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Association for tbe Improvement of Geometrical Teaching

THE

ELEMENTS OF PLANE GEOMETRY

PART I

(CORRESPONDING TO EUCLID BOOKS I.-II.)

Prepared by the Committee appointed by the Association

" Proficiency in Pure Geometry

perennially a symplom, not only of steady
application, but of a clear methodic intellect, and offering in all epochs good promise for all
manner of arts and pursuits.”—T. CARLYLE

LONDON
SWAN SONNENSCHEIN & CO., LIMITED

PATERNOSTER SQUARE

1903
(All rights reserved ]

HARVARD
UNIVERSITY

LIBRARY

First Edition, January 1884 ; Second Edition, May 1899; Third Edition,

May 1901 ; Fourth Edition, December 1903.

PREFACE

:0:

THE Association for the Improvement of Geometrical Teaching was formed in the year 1871, and published in the year 1875 a “Syllabus of Plane Geometry (corresponding to Euclid Books I.-VI.).” This Syllabus has received a considerable amount of favourable recognition at the hands of Teachers and others interested in the study of Geometry, as is proved by the fact that an edition of 3000 copies has recently been exhausted and, to meet a steadily continuing demand, a new edition has been published. It was felt, however, by many members of the Association that, in order to secure for the Syllabus more general consideration and acceptance, it was desirable that an authorised series of Proofs of the Propositions contained in it should be issued, and accordingly at the Annual Meeting in January, 1881, it was resolved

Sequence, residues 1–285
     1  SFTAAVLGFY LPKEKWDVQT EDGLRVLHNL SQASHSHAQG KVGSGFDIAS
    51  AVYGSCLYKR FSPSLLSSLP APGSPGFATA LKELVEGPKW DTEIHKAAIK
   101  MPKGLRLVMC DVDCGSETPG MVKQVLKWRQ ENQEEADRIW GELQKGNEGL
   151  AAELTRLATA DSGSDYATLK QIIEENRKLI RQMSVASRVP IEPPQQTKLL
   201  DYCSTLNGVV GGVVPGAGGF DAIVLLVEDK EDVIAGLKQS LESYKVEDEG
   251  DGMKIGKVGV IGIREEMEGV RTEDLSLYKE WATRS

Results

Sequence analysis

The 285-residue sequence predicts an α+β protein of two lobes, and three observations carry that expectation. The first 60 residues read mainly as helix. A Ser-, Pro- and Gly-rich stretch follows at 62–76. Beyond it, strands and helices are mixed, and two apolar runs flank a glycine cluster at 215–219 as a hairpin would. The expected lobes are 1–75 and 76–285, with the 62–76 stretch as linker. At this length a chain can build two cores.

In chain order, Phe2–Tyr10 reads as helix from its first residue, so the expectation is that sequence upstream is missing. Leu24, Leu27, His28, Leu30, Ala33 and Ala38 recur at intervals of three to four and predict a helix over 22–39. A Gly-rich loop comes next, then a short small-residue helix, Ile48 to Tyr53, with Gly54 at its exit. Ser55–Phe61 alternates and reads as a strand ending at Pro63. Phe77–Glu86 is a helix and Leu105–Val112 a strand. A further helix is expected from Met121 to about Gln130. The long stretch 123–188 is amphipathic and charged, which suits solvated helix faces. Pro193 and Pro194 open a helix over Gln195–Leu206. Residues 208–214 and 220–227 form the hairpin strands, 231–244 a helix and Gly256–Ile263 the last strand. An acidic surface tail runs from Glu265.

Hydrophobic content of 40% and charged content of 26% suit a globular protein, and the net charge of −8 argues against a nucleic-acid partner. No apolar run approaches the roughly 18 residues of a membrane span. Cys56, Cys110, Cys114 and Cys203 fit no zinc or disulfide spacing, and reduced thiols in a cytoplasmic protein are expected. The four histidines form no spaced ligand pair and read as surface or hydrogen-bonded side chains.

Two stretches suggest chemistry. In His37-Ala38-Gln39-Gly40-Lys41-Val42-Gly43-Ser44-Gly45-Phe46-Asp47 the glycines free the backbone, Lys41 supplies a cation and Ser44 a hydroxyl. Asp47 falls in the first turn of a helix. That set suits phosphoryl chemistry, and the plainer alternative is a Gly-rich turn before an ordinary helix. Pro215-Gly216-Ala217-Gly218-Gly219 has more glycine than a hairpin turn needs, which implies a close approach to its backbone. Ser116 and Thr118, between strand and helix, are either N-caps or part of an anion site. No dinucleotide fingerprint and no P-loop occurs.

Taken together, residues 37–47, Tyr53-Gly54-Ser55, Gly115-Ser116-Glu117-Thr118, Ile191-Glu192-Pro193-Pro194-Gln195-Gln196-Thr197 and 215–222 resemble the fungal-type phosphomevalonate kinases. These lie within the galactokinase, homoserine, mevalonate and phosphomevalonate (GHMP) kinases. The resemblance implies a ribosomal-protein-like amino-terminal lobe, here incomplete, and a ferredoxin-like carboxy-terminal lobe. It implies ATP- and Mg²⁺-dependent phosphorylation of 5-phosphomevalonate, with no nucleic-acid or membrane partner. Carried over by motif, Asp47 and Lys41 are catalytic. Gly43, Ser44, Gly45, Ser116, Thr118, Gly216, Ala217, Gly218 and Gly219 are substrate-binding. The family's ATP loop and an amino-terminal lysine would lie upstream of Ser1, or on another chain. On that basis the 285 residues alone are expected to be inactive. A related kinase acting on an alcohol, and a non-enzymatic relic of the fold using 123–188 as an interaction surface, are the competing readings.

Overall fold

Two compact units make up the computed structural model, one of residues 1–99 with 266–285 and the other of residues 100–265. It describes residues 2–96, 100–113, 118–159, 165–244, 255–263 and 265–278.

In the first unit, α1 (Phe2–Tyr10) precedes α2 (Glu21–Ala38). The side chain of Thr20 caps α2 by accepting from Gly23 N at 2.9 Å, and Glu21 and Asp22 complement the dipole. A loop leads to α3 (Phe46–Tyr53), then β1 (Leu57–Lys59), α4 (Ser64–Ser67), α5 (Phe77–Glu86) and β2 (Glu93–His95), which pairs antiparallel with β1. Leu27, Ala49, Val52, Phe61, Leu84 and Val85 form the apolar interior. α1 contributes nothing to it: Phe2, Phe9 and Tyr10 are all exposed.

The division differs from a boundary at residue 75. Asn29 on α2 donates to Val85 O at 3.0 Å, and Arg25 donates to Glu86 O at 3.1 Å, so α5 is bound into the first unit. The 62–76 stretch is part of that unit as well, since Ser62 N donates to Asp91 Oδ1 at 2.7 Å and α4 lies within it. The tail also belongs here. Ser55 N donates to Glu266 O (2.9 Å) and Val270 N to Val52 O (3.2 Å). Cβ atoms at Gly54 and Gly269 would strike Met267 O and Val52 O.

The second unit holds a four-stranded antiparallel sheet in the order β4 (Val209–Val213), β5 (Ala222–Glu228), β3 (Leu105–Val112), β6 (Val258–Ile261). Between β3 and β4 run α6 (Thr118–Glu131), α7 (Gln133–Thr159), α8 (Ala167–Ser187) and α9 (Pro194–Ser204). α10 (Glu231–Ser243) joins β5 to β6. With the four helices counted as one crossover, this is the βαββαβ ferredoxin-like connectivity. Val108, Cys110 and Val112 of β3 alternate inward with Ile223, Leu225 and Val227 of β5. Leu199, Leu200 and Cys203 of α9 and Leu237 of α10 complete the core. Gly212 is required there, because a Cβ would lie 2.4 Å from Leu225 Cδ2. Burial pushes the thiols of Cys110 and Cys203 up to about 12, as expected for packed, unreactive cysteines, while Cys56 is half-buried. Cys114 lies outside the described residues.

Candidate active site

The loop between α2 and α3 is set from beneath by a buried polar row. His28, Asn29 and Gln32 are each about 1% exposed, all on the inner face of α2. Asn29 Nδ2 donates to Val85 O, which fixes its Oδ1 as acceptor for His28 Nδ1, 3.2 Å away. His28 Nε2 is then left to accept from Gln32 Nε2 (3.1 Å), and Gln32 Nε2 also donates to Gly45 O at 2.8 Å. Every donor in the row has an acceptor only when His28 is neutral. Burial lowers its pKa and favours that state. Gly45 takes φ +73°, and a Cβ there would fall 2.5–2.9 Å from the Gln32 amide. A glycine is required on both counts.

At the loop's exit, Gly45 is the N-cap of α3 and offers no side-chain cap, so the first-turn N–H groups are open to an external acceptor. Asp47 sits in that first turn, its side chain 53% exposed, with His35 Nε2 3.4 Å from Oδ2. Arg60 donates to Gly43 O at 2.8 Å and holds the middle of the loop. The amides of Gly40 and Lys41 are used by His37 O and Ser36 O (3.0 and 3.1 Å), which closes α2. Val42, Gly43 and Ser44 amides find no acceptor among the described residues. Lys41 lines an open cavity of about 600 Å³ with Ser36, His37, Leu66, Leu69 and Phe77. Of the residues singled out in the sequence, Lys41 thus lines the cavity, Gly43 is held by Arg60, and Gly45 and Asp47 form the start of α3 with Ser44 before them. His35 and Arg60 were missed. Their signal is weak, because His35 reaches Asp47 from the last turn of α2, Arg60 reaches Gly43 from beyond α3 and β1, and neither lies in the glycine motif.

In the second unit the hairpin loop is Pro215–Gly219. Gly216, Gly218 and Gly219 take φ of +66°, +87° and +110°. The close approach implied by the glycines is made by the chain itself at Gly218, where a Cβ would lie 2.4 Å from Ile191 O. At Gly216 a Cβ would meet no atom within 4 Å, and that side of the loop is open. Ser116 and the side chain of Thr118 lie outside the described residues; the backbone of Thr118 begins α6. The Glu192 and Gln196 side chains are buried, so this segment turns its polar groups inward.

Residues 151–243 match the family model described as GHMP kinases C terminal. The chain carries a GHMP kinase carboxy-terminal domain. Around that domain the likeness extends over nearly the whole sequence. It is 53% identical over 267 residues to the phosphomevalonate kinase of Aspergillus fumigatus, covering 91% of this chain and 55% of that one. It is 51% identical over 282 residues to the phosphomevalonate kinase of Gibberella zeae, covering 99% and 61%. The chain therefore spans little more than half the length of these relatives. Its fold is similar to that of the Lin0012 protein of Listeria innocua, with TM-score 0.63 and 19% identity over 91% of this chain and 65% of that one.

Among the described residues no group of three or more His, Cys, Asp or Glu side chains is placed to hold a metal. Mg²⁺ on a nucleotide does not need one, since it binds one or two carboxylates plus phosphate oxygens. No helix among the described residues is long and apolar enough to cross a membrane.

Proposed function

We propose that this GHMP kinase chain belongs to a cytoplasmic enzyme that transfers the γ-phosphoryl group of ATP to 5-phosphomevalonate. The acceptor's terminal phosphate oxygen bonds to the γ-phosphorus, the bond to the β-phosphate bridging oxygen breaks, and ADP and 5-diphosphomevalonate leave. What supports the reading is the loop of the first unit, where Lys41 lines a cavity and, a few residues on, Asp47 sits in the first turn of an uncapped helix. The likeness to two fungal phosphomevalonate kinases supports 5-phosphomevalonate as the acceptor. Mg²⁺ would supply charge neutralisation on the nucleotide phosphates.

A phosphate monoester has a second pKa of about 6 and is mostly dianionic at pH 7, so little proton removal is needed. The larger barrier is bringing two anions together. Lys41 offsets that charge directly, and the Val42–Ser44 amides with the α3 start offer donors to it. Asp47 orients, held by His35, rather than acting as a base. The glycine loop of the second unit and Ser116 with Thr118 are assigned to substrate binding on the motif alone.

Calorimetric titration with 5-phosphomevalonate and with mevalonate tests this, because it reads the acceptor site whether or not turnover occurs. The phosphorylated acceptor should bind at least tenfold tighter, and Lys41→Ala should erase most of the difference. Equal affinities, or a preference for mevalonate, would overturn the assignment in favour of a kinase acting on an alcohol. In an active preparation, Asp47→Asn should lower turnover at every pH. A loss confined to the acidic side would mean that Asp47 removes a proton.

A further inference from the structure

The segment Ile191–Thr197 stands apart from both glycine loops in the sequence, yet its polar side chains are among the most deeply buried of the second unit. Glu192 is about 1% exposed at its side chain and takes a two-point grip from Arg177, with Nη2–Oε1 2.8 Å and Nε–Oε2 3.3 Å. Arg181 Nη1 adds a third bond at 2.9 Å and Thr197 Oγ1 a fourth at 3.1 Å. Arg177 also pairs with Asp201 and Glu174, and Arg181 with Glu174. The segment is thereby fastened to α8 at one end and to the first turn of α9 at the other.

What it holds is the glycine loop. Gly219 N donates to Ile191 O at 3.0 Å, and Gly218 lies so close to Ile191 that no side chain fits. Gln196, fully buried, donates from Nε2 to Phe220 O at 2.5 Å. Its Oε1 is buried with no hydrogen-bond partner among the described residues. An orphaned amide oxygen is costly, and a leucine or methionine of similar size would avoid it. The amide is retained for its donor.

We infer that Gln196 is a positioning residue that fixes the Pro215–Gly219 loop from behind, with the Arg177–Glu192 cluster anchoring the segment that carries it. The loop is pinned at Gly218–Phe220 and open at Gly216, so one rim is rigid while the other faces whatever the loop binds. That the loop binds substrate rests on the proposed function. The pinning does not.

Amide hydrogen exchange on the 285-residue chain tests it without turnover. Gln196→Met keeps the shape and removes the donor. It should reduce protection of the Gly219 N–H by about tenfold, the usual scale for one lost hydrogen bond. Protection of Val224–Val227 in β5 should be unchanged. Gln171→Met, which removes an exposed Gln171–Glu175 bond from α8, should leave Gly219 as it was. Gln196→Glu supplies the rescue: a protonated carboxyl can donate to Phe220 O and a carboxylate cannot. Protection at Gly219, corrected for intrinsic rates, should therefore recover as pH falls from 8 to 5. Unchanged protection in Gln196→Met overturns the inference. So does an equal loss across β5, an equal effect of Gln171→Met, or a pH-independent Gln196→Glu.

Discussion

“ That a sub-committee be appointed to draw up Proofs of the Propositions of the Syllabus of Plane Geometry."

The result of the labours of the committee appointed in accordance with this resolution, extending over Books I. and II. of the Syllabus, was approved at a General Meeting of the Association, held on the 20th March last, and is submitted to the public in the following pages.

The Association is desirous that it should be clearly understood that the present work is not offered as a section of a complete treatise on Elementary Geometry, but simply as an edition of a part of the Syllabus with the demonstrations supplied and suitable exercises inserted.

Probably many teachers will find in this all that they require in a Text-Book for their pupils, being satisfied to supply the needful illustrations, explanations, and developments of the subject in their oral teaching. Still there is, doubtless, room for other treatises embodying such illustrative and explanatory matter; but the Association is of opinion that such treatises should rather be the work of individual authors than of an Association.

Accordingly, should any author desire to publish a further treatise, based on the present work, the Council of the Association would be glad to authorise his free use of the work on terms to be arranged by communication with them through the publishers or the honorary secretaries.

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BOOK II. Equality of Areas

Section 1. Theorems

Section II. Problems

Definitions

88

123

135

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